Port of Long Beach Drives Toward Zero-Emissions Future
SCE’s partnership with one of the nation’s largest ports helps bring California’s 2045 climate goals to life.
The Port of Long Beach is working closely with Southern California Edison to solidify its leadership in the transportation industry’s effort to improve air quality and overall sustainability through electrification.
On display at the annual Green Port Fair last month were medium- and heavy-duty electric vehicles that are gradually replacing diesel-fueled transports to move cargo around the 3,200-acre port, which aims to have a fleet of zero-emission, cargo-handling equipment by 2030 and zero-emission trucks by 2035.
“Successful electrification of medium- and heavy-duty vehicle fleets is crucial to Southern California’s economy and air quality,” said Bonnie Lowenthal, a Port of Long Beach commissioner.
SCE is a longtime partner in the port’s mission to become the nation’s first zero-emissions port for cargo handling and drayage or transporting freight from an ocean port to a destination.
Electrifying 90% of light- and medium-duty vehicles and more than 50% of heavy-duty vehicles in California is a key recommendation in Countdown to 2045: Realizing California’s Pathway to Net Zero, recently published by Edison International, SCE’s parent company.
The paper forecasts an 80% increase in customer demand for electricity by 2045, driven by vehicle and building electrification. A massive expansion of clean energy infrastructure, built at an unprecedented pace, is needed to support this historic increase in demand.
The electric grid must be ready for this extraordinary growth well before 2045. In its most recent General Rate Case proposal, SCE detailed the targeted infrastructure investments planned for 2025-2028 to strengthen and secure the electric grid, laying a foundation for future grid reliability, resilience and readiness investments.
The General Rate Case is a request made every four years to the California Public Utilities Commission to fund SCE’s day-to-day operations, including grid maintenance and upgrades.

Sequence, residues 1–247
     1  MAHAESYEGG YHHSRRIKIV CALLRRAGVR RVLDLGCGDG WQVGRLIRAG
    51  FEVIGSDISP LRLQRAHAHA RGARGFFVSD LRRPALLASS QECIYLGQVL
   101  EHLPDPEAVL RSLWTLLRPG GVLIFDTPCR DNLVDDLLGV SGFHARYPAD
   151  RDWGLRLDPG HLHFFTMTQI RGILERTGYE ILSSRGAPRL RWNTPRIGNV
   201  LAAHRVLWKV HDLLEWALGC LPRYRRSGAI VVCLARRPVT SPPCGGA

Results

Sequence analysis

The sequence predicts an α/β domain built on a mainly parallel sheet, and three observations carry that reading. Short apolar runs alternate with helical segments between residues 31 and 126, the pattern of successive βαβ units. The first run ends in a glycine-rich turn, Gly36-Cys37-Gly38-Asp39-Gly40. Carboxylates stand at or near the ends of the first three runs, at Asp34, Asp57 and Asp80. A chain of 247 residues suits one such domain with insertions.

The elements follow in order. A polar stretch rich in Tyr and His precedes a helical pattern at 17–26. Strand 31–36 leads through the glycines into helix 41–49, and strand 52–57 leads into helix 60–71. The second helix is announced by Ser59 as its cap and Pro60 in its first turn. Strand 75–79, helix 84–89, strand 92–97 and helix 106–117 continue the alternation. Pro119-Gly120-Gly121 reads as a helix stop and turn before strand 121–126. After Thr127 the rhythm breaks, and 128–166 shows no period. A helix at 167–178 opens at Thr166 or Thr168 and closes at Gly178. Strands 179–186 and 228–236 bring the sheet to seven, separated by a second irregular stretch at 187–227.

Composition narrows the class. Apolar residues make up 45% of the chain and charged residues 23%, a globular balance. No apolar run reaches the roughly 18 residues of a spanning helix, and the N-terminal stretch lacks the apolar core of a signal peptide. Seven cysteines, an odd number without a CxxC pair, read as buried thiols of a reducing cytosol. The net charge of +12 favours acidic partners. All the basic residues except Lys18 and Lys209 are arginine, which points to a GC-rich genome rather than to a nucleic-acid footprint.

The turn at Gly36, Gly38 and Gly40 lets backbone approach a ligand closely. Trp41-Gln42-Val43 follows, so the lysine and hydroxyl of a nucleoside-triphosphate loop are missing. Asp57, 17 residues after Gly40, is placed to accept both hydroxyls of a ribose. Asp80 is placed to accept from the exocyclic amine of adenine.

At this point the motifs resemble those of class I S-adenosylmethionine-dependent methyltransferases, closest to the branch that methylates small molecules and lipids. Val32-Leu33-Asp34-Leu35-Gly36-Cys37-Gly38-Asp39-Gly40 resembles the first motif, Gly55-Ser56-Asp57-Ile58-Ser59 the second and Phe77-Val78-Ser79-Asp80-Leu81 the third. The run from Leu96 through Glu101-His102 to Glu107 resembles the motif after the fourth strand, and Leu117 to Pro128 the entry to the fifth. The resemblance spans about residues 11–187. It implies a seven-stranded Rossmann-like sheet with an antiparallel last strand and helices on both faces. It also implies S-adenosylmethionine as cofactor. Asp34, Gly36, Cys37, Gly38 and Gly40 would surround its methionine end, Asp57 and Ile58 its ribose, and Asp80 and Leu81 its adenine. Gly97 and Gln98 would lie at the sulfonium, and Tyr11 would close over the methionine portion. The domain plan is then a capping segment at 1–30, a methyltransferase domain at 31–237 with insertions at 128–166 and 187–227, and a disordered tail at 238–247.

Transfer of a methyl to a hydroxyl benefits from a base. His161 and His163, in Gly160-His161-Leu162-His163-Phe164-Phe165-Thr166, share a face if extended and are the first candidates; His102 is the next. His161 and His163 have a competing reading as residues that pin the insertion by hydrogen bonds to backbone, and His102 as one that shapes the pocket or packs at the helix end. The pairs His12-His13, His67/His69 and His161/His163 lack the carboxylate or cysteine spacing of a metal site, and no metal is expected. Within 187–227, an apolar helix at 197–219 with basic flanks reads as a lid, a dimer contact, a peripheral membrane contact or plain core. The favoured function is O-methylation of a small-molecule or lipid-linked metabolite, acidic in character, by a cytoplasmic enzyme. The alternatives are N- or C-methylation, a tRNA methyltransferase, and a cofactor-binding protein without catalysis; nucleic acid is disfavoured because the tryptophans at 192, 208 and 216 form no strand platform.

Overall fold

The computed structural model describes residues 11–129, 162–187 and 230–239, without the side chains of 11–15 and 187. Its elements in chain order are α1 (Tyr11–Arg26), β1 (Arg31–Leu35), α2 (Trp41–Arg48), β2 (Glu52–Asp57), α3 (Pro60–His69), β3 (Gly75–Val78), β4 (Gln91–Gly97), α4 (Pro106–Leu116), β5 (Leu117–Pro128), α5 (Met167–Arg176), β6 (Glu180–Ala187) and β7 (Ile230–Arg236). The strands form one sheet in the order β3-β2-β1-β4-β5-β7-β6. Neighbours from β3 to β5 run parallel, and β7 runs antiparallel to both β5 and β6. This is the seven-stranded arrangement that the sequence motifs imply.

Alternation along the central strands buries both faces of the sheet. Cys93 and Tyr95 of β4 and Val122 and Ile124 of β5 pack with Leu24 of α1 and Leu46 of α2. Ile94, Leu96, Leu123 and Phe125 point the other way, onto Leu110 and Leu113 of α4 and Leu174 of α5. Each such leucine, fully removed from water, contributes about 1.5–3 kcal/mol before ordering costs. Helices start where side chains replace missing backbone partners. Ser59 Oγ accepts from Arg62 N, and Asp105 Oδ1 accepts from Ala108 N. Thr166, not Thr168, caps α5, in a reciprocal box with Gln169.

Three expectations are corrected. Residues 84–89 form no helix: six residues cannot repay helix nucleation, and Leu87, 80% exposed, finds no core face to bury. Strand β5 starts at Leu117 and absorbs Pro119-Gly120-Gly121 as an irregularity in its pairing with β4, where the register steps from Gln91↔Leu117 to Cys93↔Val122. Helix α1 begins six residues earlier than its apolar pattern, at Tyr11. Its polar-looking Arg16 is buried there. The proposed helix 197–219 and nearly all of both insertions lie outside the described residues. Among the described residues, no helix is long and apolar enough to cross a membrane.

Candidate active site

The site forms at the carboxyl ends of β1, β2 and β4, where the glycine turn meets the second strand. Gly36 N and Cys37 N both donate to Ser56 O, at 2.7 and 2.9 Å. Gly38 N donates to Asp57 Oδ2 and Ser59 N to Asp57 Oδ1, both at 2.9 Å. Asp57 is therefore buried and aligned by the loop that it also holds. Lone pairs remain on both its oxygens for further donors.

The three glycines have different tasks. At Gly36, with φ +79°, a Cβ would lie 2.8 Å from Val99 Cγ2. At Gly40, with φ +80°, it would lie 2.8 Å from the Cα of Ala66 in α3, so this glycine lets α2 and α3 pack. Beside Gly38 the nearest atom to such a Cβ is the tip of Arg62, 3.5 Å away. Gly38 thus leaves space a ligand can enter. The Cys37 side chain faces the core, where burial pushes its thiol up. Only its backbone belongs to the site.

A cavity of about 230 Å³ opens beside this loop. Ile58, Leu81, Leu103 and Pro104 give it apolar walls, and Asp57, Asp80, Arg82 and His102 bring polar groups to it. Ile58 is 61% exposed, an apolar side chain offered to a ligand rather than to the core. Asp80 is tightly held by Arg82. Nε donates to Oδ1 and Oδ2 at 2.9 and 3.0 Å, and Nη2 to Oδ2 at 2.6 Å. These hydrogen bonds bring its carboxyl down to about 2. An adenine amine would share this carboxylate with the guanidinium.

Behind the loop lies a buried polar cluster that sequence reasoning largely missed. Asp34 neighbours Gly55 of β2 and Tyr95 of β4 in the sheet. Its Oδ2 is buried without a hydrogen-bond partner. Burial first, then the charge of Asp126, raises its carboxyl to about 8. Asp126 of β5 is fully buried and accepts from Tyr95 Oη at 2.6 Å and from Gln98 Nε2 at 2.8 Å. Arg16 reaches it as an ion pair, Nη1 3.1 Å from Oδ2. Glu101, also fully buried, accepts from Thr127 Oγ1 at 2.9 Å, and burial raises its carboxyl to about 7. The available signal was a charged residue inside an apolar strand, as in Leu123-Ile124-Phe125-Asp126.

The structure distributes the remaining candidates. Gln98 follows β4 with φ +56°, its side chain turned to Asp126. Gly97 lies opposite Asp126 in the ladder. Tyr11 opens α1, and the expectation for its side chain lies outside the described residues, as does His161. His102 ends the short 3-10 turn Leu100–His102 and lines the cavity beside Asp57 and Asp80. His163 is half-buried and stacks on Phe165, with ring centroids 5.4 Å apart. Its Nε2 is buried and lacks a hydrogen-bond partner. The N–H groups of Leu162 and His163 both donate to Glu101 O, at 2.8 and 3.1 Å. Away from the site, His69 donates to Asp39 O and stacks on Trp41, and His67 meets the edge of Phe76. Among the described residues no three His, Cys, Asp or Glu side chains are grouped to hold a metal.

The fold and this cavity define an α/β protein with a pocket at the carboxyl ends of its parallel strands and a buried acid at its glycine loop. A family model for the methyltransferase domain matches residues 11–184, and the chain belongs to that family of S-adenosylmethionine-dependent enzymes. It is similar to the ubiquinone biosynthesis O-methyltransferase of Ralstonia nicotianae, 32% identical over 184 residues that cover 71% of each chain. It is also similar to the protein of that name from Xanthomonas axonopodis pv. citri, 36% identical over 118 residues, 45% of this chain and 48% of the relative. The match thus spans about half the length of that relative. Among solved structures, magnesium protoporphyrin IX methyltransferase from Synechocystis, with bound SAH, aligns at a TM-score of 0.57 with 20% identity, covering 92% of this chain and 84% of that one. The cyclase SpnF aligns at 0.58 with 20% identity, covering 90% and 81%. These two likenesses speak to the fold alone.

“SCE’s 2025 General Rate Case requests necessary funding to continue readying the grid, which is fundamental to achieving widespread vehicle electrification,” Lowenthal said.
On a different scale, the port’s zero-emissions goals drive its growing demand for clean energy. SCE is interwoven in the port’s infrastructure evaluation and planning for several proposed projects to meet these rising needs.
The expansive scope of SCE’s proposed work includes building one new, very large transmission-level substation and upgrading another, building two large distribution-level substations and upgrading several existing distribution substations and circuits associated with major ground shipping routes heading into and out of the port.
“The port has set goals and a direction that aligns with Countdown to 2045,” said Brian Bustamante, SCE’s Port of Long Beach account manager. “When it comes to clean energy and electrification, it is the North Star of where we want our customers to be.”
This year, SCE contributed engineering expertise and a letter of support that helped the port land a $383 million grant from the California State Transportation Agency, with $224 million specifically allocated to support future zero-emissions projects.
One of these projects intends to replace diesel equipment with 44 zero-emission, electric human-operated yard tractors, forklifts and other vehicles at the Long Beach Container Terminal, supported by 62 new charging units. Other projects will demonstrate and deploy a plug-in hybrid tugboat and up to 12 zero-emission locomotives.
Celina Luna, SCE Government Relations manager, said the port has long been forward-looking “about the infrastructure investments they need to make over the next five, 10 and 15 years to be ready for the clean energy future. They're ready to embrace that change to meet the moment.”
For more about SCE's clean energy efforts, visit edison.com/cleanenergy